Naspers shareholders will gather in Cape Town on Friday to vote on the proposed spinoff and Amsterdam listing of the company’s international technology interests.
Africa’s largest company by market value is creating a new entity called Prosus to hold assets including a 31% stake in Chinese internet giant Tencent that’s worth about $125 billion. Naspers will retain a majority stake in the new group, which will also have investments in internet firms from Germany and the US to India and Brazil.
What’s happening today?
Naspers investors will vote on whether to approve the listing, which involves the issue of new shares that will be converted to Prosus stock. At least 75% of shareholders must support the plan for the listing to go ahead as scheduled on September 11.
“The company has consulted with investors extensively over the past few months,” Peter Takaendesa, a fund manager at Mergence Investments in Cape Town, said by text message. “I think the market has a better understanding of the potential benefits of the Prosus listing. Investors are therefore unlikely to oppose.”
The vote will take place immediately after Naspers’s annual general meeting, which starts at 11.15 am local time.
Why is Prosus being created?
Naspers has two main reasons for pushing ahead with the spinoff.
First, the media, technology and internet company has outgrown its listing on Johannesburg’s stock exchange, where it makes up about 25% of the main index. That’s forced many South African shareholders to sell down the stock due to restrictions on their funds’ exposure to a single company. A new listing on Euronext is expected to attract new investors, particularly in Europe, while easing Naspers’s dominance of the JSE.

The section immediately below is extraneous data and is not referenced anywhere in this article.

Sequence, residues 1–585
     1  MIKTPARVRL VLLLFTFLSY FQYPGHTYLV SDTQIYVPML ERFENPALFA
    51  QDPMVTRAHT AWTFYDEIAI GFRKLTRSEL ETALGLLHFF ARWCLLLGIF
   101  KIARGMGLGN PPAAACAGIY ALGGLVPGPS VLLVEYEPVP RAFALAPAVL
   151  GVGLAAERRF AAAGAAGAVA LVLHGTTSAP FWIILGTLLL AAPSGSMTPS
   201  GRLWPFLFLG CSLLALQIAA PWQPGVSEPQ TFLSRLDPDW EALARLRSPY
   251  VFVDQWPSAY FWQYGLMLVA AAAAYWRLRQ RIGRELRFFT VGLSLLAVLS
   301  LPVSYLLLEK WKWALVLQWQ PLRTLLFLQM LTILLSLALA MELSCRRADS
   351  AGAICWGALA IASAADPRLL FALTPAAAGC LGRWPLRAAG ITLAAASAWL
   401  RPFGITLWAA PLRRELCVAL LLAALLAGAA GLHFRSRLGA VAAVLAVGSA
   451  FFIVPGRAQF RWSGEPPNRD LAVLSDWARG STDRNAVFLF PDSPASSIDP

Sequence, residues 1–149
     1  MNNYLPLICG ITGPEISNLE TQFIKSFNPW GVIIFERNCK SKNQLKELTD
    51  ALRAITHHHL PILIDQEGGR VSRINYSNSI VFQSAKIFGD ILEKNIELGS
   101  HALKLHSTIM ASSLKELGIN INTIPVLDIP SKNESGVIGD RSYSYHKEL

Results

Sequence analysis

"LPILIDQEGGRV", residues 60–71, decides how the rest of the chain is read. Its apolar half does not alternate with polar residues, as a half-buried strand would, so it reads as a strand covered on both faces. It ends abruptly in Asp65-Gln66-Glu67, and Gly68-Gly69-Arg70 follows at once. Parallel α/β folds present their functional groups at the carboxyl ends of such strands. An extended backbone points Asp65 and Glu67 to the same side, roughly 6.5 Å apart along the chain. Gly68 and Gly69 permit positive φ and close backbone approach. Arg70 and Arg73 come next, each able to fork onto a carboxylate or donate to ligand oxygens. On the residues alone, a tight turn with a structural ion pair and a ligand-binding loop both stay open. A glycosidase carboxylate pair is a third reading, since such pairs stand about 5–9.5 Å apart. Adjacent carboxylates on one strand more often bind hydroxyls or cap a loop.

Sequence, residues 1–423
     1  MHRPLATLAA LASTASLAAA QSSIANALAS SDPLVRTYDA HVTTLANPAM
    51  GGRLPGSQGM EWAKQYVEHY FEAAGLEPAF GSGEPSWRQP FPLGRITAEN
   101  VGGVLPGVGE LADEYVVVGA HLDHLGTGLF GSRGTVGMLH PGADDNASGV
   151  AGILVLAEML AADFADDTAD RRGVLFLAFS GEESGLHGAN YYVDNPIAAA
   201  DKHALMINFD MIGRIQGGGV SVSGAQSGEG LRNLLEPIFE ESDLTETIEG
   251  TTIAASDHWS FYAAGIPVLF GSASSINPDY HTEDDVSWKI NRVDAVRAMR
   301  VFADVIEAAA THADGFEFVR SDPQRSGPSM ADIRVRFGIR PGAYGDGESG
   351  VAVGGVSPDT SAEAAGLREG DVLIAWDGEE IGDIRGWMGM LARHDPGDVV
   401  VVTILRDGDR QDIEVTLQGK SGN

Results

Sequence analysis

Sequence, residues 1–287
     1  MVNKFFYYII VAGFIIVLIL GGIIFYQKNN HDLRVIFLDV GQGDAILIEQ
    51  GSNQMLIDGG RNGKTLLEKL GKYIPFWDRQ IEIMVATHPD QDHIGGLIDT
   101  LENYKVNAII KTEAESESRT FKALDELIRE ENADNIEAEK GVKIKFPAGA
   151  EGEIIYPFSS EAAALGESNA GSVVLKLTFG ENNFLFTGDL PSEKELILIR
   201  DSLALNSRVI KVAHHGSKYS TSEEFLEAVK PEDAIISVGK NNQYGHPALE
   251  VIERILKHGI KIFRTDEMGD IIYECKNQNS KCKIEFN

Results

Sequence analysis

The second reason is that Naspers is valued at a discount to its stake in Tencent — $98 billion vs $125 billion at current levels. Separating assets into different entities may help investors revalue different parts of the company’s portfolio and ultimately narrow the valuation gap. To that end, Naspers also spun off its pan-African pay-TV service, MultiChoice, earlier this year.
Naspers’s Prosus deal “should help to decrease the discount to the see-through value of its Tencent stake,” said Bloomberg Intelligence analyst John Davies.
How did Naspers come to own Tencent?
Naspers, whose name is derived from the Afrikaans words for National Press, started as a newspaper publisher in 1915 before adding TV and internet in the latter part of the century.
Former Chief Executive Officer Koos Bekker — now the chairman — invested in Tencent as a startup in 2001, a blockbuster move that’s propelled Naspers’s valuation and international reach ever since. Bekker made way for current CEO Bob Van Dijk in 2014.
© 2019 Bloomberg L.P.